Here's the commercial, which Derek uploaded to YouTube.



The ad is kind of creepy, but as you can hear, the song is not an old German folk song, but rather "It's a fine day" by Jane & Barton. Derek also notes that there were no strange deaths associated with the commercial. The woman in the ad, Keiko Matsuzaka, is still working as an actress.

There was also an "angel version" of the commercial that aired at the same time as the "demon version," and Derek has uploaded this to YouTube as well. (via The Home of Ads)
Categories: Advertising, Birth/Babies, Urban Legends
Posted by Alex on Mon Oct 01, 2007
Comments (8)
This image appears to have been circulating on the internet for almost a year, but it was new to me. It's an ultrasound of a fetus displaying a peace sign. Cute. And apparently real.

The ultrasound was taken on December 13, 2006. It shows the baby of flickr user pkoczera. (I don't know his real name.)
Categories: Birth/Babies
Posted by Alex on Mon Oct 01, 2007
Comments (5)
A website called Is My Baby Gay offers to inform you of your child's sexual preferences for a fee of only $19.99. They direct customers to print out a circle on a piece of paper. You're then supposed to apply the tongue of your baby to the center of the circle for 15 seconds. You mail this piece of paper to the "Is My Baby Gay" testing center, and they promise to get back to you with an answer within two weeks. If they turn out to be wrong, they promise that they'll refund 150% of your purchase price.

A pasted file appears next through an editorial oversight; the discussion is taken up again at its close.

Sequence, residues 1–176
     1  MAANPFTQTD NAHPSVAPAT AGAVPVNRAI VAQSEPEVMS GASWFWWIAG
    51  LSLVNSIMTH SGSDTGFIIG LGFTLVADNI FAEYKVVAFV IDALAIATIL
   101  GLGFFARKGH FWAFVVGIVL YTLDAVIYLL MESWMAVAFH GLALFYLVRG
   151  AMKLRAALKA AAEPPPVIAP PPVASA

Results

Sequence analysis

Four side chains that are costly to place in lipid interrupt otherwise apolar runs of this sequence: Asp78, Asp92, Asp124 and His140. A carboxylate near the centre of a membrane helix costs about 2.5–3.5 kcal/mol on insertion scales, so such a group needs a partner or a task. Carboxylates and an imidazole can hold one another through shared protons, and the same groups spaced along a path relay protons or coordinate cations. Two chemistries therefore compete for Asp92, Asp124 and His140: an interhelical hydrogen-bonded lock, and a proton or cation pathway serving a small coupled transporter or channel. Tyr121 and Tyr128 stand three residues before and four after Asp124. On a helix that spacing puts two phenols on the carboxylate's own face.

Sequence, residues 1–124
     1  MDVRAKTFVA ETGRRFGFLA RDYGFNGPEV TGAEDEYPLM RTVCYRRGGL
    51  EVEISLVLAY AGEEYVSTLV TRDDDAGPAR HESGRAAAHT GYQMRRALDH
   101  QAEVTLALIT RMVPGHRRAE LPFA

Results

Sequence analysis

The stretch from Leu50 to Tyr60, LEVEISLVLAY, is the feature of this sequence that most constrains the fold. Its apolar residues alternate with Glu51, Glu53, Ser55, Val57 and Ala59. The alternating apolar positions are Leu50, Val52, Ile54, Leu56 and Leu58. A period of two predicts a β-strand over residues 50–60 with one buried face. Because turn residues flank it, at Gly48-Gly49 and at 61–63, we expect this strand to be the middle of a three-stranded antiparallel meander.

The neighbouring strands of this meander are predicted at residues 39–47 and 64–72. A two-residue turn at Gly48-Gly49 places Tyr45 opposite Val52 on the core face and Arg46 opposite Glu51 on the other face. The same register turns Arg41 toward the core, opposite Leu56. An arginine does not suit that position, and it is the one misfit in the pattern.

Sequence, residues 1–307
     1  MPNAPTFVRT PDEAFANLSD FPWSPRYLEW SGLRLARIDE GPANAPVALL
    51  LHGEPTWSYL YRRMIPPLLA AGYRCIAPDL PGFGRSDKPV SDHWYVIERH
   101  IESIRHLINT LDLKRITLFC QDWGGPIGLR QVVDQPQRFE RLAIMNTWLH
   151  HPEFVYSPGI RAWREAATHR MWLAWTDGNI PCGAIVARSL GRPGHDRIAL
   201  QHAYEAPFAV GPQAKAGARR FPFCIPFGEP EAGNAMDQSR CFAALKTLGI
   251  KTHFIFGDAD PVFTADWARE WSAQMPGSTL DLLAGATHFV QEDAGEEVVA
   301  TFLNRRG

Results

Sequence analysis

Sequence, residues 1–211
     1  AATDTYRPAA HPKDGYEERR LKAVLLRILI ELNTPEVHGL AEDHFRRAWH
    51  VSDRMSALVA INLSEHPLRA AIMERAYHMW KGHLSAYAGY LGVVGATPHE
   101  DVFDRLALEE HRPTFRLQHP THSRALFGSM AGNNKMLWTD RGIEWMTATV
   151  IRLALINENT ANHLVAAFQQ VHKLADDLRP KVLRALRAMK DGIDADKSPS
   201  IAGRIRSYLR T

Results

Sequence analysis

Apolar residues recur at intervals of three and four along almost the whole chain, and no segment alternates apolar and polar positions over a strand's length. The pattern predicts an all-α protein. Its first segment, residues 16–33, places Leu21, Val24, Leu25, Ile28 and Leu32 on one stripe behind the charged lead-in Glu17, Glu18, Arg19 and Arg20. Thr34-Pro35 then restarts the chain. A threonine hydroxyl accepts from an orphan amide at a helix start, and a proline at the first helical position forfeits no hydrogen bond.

At first I thought this had to be a joke, but apparently they really will take your money. They've set up a paypal payment system to do so. Which transforms this from a joke into something more like a scam. [Note: I didn't actually try to pay them anything, so perhaps at the last minute they decline to take your money... but somehow I doubt it.]

On their front page they've included a phrase which is apparently their legal escape clause: "Results are intended for entertainment purposes only."

I'd like to think that no one would actually take this site seriously and mail in their baby's saliva sample. But there's probably someone out there dumb enough to think this might be for real.

Even dumber would be someone knowing there is no such thing as a saliva test for sexual preference, but paying $19.99 anyway just for the fun of getting some bogus results.
Categories: Birth/Babies, Sex/Romance, Websites
Posted by Alex on Tue Sep 18, 2007
Comments (17)
image Bullet Proof Baby is an online store that claims to sell "all sorts of light weight heavily tested military standard body armor for babys and toddlers." For instance, it offers bullet-proof strollers, bullet-proof cribs, infants 'my first' gas mask, baby bomb blankets, toddler tasers, baby riot helmets, and ultra light kiddie riot shields. Here's the description for the baby flak jacket.
Smart multi-role protection for your baby in a style that is duplicated throughout the world. Velcro adjustable shoulders and side closures which allow a smooth comfortable fit for babies of any age. Bullet proof baby armor will protect your child from Ballistics, Knife, Spike, Syringe & Slash as well as bomb blasts to 400 m/s.

It's all a thinly disguised promotional site for the new Clive Owen movie, Shoot 'Em Up, as evidenced by the numerous ads for the movie throughout the site. If you actually try to order anything, you discover that it's all out of stock.
Categories: Birth/Babies, Military, Websites
Posted by Alex on Thu Sep 06, 2007
Comments (3)
Could it be? So claims this email:
The pictures below are Japanese dolls which are created by using real human corpse skin and hair! Seeing these pictures are enough to freak anybody out! I am not sure how authentic these Japanese dolls are but if you were to look closely at the pictures, you will notice some red blood lines around the nose, eyes and mouth area. This means if they really used human corpse skin, they actually sliced the face out to be put on these dolls!